Client portals are virtual spaces a business shares with clients. Within a portal’s virtual walls, digital files can be stored, organized, and shared as needed between a business and their clients. This not only makes it easier to share important information but for a business to provide services to their clients.

Though client portals are becoming more popular, not every business puts enough thought into their client portal design. Just as you would put resources into the design of any physical space within your business, virtual spaces like portals deserve the same approach. Here’s how to design a client portal that will impress.

The Science Behind Client Portal Design 

Branding your business is important. While marketing experts will tell you that branding is more about the customer experience, don’t make the mistake of assuming a company’s visual representation no longer matters. Making sure that online spaces, including client portals, are visually branded is important to both your reputation and bottom line.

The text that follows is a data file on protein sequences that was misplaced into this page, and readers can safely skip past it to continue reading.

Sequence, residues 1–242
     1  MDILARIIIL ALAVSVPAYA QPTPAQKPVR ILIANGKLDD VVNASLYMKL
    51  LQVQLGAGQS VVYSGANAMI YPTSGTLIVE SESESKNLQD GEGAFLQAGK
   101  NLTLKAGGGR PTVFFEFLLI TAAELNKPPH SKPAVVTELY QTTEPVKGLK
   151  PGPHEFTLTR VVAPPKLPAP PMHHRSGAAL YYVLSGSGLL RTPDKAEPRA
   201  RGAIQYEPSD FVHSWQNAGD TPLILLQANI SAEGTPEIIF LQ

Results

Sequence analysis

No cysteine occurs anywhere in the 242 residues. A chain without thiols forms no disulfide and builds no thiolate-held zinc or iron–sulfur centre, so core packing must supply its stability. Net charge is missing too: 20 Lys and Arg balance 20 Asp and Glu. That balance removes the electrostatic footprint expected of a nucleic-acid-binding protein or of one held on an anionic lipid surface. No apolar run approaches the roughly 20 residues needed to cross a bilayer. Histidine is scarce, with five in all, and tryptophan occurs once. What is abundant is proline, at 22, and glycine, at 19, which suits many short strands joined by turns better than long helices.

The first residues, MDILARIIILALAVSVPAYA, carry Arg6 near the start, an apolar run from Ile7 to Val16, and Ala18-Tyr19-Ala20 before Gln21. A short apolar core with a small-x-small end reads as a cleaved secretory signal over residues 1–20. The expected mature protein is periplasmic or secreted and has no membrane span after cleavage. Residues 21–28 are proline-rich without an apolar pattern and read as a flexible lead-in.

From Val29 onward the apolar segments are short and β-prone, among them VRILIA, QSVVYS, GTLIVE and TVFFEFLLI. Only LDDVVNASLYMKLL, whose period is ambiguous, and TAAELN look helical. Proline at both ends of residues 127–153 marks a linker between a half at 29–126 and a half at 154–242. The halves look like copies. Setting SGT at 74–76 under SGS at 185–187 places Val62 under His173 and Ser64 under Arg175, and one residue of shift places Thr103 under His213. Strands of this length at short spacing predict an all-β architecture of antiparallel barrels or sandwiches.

Research shows that when it comes to online spaces, visitors form an impression of your brand in just 0.05 seconds. Anything less than a great first impression could push clients to explore similar services offered by your competition.

A great custom client portal design can help you impress and retain clients. There are several elements you should take into consideration when designing your virtual space, including:

Logo 

Your client portal should always display your logo. Logos are the most recognized piece of your visual brand and can help clients feel comfortable using a portal, especially if they believe certain client portal myths. A portal without visual branding elements can feel like a cold and separate space while a branded portal simply feels like an extension of a company’s physical space.